Future flood measures will focus on resilience rather than protection, new strategy shows

Resilience and the ability to bounce back quickly will be at the forefront of flood planning in the future, as the inevitability of more frequent torrents of water causing devastation parts of Yorkshire has become clear.

A road closed due to flooding. Photo: PA
A road closed due to flooding. Photo: PA

The Commons Environment, Food and Rural Affairs Select Committee (EFRA) today heard from key figures from the Environment Agency, on the same day that a new blueprint for tackling flood risk was unveiled.

Emma Howard Boyd, Environment Agency chair, said there was a change in emphasis from protection to resilience in local areas as climate change had made it clear the formerly rare flooding events would become more common.

She said Yorkshire faced a “record-breaking wet autumn” last year and the country as a whole country faced the wettest February on record.

But she said: “Until now we have focused on trying to protect communities, and that is still vital, but as a nation we need to stop chasing the last flood event and should instead be making sure we are ready for the next one, and all the ones after that.”

More than 5.2m properties in England are already at risk of flooding, and climate change will lead to even more people being affected.

More extreme weather is expected, including summer temperatures up to 7.4˚C hotter and 59 per cent more rainfall by 2050.

Therefore the new strategy focuses on resilience rather than what is traditionally seen as flood prevention such as building concrete defences.

John Curtin, the Environment Agency's executive director of flood and coastal risk management, pointed to Headquarters hairdressers in Mytholmroyd as an example of how resilience can make a difference.

He said: “The Calder Valley has been hit hard by quite a few floods but there’s a hairdressers in Mytholmroyd, it’s called Headquarters and it’s run by a lady called Sue.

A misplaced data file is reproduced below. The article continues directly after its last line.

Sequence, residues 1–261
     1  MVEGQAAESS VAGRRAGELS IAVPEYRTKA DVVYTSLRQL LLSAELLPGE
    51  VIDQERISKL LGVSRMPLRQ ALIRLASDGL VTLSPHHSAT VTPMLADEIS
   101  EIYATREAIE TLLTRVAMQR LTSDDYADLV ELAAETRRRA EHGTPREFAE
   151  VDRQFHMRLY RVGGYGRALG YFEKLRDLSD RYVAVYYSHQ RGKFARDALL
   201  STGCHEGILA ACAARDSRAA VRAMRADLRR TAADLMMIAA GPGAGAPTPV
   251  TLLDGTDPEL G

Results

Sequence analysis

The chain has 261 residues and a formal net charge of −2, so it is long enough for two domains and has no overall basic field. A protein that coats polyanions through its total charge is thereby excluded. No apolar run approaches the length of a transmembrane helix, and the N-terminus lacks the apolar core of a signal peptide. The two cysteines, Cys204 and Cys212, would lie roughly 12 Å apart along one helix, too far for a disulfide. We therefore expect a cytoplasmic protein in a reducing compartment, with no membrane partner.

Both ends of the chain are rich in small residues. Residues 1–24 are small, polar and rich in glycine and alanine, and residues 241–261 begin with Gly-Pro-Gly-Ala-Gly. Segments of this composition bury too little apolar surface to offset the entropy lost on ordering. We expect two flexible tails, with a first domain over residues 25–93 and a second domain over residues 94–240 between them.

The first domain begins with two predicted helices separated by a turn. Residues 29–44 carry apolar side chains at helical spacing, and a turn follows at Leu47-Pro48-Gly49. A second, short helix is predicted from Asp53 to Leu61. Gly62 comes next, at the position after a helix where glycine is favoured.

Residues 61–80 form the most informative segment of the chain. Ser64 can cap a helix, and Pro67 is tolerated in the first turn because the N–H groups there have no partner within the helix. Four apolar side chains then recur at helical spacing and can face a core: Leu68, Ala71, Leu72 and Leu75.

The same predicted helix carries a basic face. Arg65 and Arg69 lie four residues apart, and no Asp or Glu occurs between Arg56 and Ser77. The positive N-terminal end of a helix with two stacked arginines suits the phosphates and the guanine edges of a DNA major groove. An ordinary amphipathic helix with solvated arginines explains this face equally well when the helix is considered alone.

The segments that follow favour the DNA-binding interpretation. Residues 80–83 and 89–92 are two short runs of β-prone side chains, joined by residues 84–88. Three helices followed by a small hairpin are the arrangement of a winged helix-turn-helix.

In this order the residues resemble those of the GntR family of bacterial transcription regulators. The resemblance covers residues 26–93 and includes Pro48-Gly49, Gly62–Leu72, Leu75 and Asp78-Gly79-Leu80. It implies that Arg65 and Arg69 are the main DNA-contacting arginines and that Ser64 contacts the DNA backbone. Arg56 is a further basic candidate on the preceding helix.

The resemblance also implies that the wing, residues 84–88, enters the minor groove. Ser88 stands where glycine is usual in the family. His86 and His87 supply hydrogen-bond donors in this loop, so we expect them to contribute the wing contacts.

“She was badly flooded - her hairdressers is right next to the river in Mytholmroyd - and she was badly flooded in 2016, and it took her nine months to get her business back on its feet.

“But what she did, which is absolutely central to what we’re saying today, when she was flooded in 2016 instead of just putting back as it was, she invested money to tanks the walls, pave the floor, lift the electrics, her kit can be bagged up really quickly when she gets one of the flood warnings.

“She was unfortunately flooded during Storm Dennis again this year but instead of nine months, she was up and running in a week.”

He also said the agency was moving away from using the type of language that would call flooding, for example, a “one in 500 year” event.

“The return period language tends to confuse people,” Mr Curtin said.

“So if they’ve had someone say ‘a one in 100 year flood’, they kind of think they’re then immune for another 99 years. That’s not the case.”

The measures announced by the Environment Agency today include expanded flood warnings by 2022 to all at risk properties, with 62,000 more families to be added to the service.

There will be an increased investment in natural flood management schemes to better protect communities, and more collaborative partnerships with national road, rail and utilities providers to ensure their investments are flood resilient.

And the strategy came on the same day that the Government announced details of the £5.2bn that will be spent on flood protection between 2021 and 2027, alongside a further £200m for innovative resilience measures in 25 areas, plus reforms to the FloodRe insurance programme.

Ms Boyd said: “Resilience means warning, informing, and being prepared to get back to normal quickly after floods, as well as creating traditional and natural flood protection schemes. Despite the risks posed by the climate emergency, communities don’t want to be cut off from the river or the sea by a concrete wall.

Environment Secretary George Eustice said: “We know that climate change is making the UK warmer and wetter, and we will be visited by extreme weather more frequently in the future.

“This ambitious strategy sets out how we can become more resilient to flooding and coastal erosion by continuing to build and maintain our flood defences while also increasing investment in nature-based solutions.

“It ensures ideas like reconnecting rivers with their natural floodplain or creating new areas where water can be stored and used in times of drought will become mainstream flood protection policies in the years to come.”